Guide to preventing milk fever in your herd

Milk fever is caused when levels of calcium in the blood drop to dangerously low levels.

The scientific name “hypocalcaemia” means low levels of calcium.

Calcium is responsible for allowing nerves and muscles to work properly; when calcium levels drop too low the signs that are seen directly reflect nerve and muscle problems.

Calcium is a mineral that is usually very well controlled by the body’s systems and so it is only in extreme situations that the disease will occur.

See also: Step-by-step guide to avoiding losses at calving

Normally, the body will have a number of mechanisms that kick in to ensure that vital calcium levels in the blood are maintained at normal levels.

For example, increased absorption of calcium from the gut may take place or small amounts of bone may be resorbed to release the calcium they contain.

Which cows are at risk?

The time after calving is a period when there is a sudden and very dramatic increase in calcium demand as milk production starts.

The body has to find vast quantities of calcium from a standing start and in some cases the body simply cannot cope, the blood calcium level falls and we see the dreaded signs of milk fever.

The disease is most common in higher-yielding cows, around the time of calving or in the days immediately after calving.

It is normally seen only in older dairy cows and so would be extremely unusual, but not impossible, in first-calving heifers.

It is more common in older cows because they tend to have higher milk yields, but also because these cows often have a more sluggish control mechanism and it may take too long to react to the sudden demand for calcium.

Channel Islands breeds are more likely to suffer with the disease, as a result of the high-quality milk they produce.

Dry cows with low blood magnesium levels are also more likely to get milk fever.

If you suspect this is a problem it may be worth getting your vet to take some blood samples from dry cows to investigate.

A dairy cow and a newborn calf

© FLPA / John Eveson/REX/Shutterstock

What are the symptoms?

In the early stages, animals may be excitable or twitchy, but this rapidly changes and animals become dull and unable to stand.

If left untreated, they will rapidly deteriorate and will go on to die of heart failure.

All the signs are caused by problems with muscles and nerves.

The cow is unable to stand and needs rapid treatment or it will die.

The disease may also affect sheep but it is generally far less marked and frequently occurs in conjunction with other deficiencies.

What are the long-term impacts of milk fever?

As well as the obvious costs of treatment – and possibly the loss of a cow – the disease has many hidden costs.

Cows that suffer with milk fever are likely to have more problems with infertility, mastitis and metritis following the disease and milk yields are frequently affected.

Treating the milk fever itself may just be the tip of the iceberg in terms of costs.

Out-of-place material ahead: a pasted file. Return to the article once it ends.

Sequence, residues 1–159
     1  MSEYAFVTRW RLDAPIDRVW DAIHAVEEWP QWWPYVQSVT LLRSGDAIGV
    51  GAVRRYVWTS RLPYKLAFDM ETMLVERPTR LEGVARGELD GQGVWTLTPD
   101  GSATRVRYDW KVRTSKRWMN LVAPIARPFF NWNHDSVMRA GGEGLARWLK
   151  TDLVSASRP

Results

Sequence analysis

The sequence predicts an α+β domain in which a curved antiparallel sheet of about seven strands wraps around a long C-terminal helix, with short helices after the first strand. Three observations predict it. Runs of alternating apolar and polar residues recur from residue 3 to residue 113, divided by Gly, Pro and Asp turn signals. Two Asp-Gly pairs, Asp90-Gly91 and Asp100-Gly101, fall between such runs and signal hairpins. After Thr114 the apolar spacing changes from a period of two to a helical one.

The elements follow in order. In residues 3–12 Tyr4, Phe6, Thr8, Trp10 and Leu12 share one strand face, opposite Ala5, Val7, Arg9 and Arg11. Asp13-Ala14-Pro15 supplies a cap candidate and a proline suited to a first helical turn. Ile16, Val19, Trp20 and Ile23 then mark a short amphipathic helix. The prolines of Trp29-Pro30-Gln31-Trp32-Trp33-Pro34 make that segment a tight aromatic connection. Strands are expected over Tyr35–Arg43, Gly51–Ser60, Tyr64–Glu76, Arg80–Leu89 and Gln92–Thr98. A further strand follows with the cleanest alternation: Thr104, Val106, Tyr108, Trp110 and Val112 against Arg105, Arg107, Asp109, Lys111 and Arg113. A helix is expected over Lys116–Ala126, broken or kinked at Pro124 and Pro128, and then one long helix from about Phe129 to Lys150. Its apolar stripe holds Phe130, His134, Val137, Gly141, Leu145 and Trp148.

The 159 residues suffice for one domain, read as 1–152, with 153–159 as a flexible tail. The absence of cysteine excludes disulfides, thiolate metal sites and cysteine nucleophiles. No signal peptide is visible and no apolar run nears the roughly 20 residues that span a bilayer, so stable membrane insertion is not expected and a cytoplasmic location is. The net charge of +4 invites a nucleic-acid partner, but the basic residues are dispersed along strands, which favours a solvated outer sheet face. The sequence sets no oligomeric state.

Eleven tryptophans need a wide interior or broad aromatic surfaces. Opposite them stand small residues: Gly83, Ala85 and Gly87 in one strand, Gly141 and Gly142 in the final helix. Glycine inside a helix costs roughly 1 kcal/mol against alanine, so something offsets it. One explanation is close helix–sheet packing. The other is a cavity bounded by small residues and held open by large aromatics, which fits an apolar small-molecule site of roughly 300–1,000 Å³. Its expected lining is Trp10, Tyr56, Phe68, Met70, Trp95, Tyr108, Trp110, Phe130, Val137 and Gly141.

It is hard to know accurately how common this disease really is in the UK.

Some herds suffer very badly with the disease, while others only rarely see a case – and sometimes it is hard to find an obvious difference between the two.

How can you prevent milk fever?

There are some important measures that may help prevent milk fever. We know that if a cow is kept on a diet that is low in calcium during the dry period, especially the late dry period, her mechanism for maintaining blood calcium will be on full alert and so should kick in at the first sign of trouble. 

In cows that have a diet rich in calcium during the dry period, the systems may have got a bit lazy and so may take a few hours to start working when the sudden demand for calcium starts.

In the few hours it takes for these systems to start working properly there may be a very sudden and dangerous drop in blood calcium and hence we see a case of milk fever.

It is really important to take expert advice on how best to feed dry cows.

Minerals designed for milking cows frequently have high levels of calcium, but if these are fed to dry cows they may cause problems – so it is important to check this aspect of the diet very carefully.

The practice of running in a bottle of calcium to high-risk cows to be on the safe side should be avoided whenever possible.

It may seem an obvious course of action to take with cows where there is known to be a problem, but this can give rise to a situation where the cow’s own calcium control systems get confused – they think there is plenty of calcium available and so they become less active, making the problem worse in the hours ahead.

Where milk fever seems to be a recurrent or ongoing problem, it is really important to get some expert advice and investigate where things may be going wrong.

Careful attention to dry cow management and feeding is essential and expert advice should be sought before making any changes.

There are a number of products available, which may help in preventing milk fever. But it is always important to take expert advice before using these to ensure they are appropriate and cost-effective for your own situation.